I thought I was prepared for staying up for 24 hours straight. I drank plenty of water, limited my caffeine to avoid a crash, and did my best to pace my energy throughout the event. But there was one thing that I wasn’t prepared for: the ugly cry.
This year was my third CreateAthon, but last week was the first time that I stayed up for the entire 24 hours. As a mentor with CreateAthon at VCU, my role is to provide feedback and guidance to the students who are doing the work. Students are required to stay the full 24 hours, but mentors aren’t. In my first year, I had a corporate job. I stayed until 2 a.m. but had to go into the office the next day. Last year, I was planning on staying the entire time, but got sick so had to go home. This year, I was committed to staying to the end, no matter what.
Luckily, there was little drama to deter my mission. I started handing out t-shirts at 8 a.m., coordinating the 89 students and 34 mentors. We gathered together and snapped a group shot, but had to bring out the wide-angle lens because there were SO many more people than last year. I bounced around from group to group helping students stay on strategy. I knew what to expect.
Noon, lunch. 3 p.m., students’ first check in. 5 p.m., yoga. 6 p.m., dinner. All part and parcel of my regular CreateAthon routine. Around 9 p.m. there were noticeably fewer mentors than there had been at the start of the day. And, it was around this time that I started realizing that I was venturing into uncharted experiences.
I discovered that 2 a.m. is an amazing time to write a manifesto. For some reason, the quiet of the night helps to strip away inhibitions. Around 4 a.m. I helped console a sobbing student who felt her ideas were rejected by the team. My weariness washed away as I pointed out that she indeed had contributed, even if her work didn’t make the final cut. At 6 a.m. there was the final push to make sure every team was prepared for their presentation. A frenzied energy overtook me as I made sure that Is were dotted and Ts were crossed.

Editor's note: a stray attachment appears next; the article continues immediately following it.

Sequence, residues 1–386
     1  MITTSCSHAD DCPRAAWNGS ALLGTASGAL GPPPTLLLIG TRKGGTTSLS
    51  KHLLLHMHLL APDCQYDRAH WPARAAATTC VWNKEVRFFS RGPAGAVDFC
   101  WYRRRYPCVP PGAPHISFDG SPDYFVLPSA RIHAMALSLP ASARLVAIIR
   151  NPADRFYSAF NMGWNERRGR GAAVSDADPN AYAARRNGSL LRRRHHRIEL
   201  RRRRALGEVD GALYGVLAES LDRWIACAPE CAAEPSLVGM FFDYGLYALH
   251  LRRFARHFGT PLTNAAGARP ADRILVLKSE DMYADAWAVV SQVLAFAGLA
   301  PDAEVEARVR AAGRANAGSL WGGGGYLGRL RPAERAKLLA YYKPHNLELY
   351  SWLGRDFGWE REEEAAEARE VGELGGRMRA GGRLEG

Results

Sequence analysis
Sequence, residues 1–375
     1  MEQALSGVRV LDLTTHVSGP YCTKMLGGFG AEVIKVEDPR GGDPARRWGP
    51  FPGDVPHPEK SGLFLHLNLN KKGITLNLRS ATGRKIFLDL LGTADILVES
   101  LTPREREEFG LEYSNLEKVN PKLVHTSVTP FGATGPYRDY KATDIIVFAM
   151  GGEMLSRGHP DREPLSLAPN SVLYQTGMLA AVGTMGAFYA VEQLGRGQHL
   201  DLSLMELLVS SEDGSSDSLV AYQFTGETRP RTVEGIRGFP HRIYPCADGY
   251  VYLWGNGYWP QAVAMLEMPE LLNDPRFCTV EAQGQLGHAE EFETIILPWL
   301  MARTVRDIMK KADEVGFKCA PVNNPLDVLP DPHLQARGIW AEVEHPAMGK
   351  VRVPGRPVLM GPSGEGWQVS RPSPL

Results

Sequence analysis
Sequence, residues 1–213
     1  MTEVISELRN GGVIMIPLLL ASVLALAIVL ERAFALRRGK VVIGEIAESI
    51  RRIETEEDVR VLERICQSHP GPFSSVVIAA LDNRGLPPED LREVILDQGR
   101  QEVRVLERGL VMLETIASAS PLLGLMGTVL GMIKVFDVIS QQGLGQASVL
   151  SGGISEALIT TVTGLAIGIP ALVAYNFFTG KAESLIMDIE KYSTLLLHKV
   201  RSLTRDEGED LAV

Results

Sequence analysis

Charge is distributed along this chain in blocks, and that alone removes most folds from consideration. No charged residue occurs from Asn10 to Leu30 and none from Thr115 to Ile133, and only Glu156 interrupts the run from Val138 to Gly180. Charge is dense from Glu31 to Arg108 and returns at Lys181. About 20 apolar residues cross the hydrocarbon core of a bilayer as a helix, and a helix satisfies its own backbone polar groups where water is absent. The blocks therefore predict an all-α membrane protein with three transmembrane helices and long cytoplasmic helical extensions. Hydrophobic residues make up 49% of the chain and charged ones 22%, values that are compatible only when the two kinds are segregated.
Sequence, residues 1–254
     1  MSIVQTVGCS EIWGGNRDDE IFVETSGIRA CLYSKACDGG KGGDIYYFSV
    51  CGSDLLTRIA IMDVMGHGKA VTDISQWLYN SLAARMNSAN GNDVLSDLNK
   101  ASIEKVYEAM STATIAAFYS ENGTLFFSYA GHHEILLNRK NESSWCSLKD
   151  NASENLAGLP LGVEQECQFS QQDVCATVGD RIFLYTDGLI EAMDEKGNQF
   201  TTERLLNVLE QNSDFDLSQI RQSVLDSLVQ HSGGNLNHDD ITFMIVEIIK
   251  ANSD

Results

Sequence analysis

Then, with an anticipatory gulp, I realized that the time had come for the twelve non-profits to see the results of our efforts over the past 24-hours. Some mentors returned, and I tried not to appear jealous of their fresh clothes or shampooed hair. Representatives of the first non-profit to arrive, the New Community School, sat around the conference table and waited to see the work. Marie gave a flawless presentation, describing her team’s thought process that went into designing a new application packet. I was proud. Proud, as if she were my own daughter and had just scored a winning basket with seconds to spare. I took a breath and listened eagerly for the response.
“We love it.” The Executive Director said, quietly. “This will help us so much.”
Suddenly, as if bottled up through all the hours of ideation, a monster of emotion lurched from my stomach, crouched in my sinus cavity, and sprang with full force from my tear ducts. It was loud. And noticeable. I snorted. I snotted. I sniffled. And I promptly left the room.
“Oh,” Peyton, a veteran of over 15 CreateAthons, said. “You’ve never experienced the ugly cry, have you?” Nope. And as I stood in the hall attempting to regain my composure, a student was kind enough to snap a picture of me at the ugly cry peak. “You’ll want to remember this,” she said. “This is why we do CreateAthon.”
I’m not sure what overtook me, but I can theorize that the ugly cry is the perfect storm of not enough sleep, knowing you’ve done your absolute best work, and seeing first hand how your ideas will help make a difference in the world. It’s the ugly cry. No single tear. Just unbridled emotion in all its glory. And it’s this feeling that has me eager to do it all over again next year.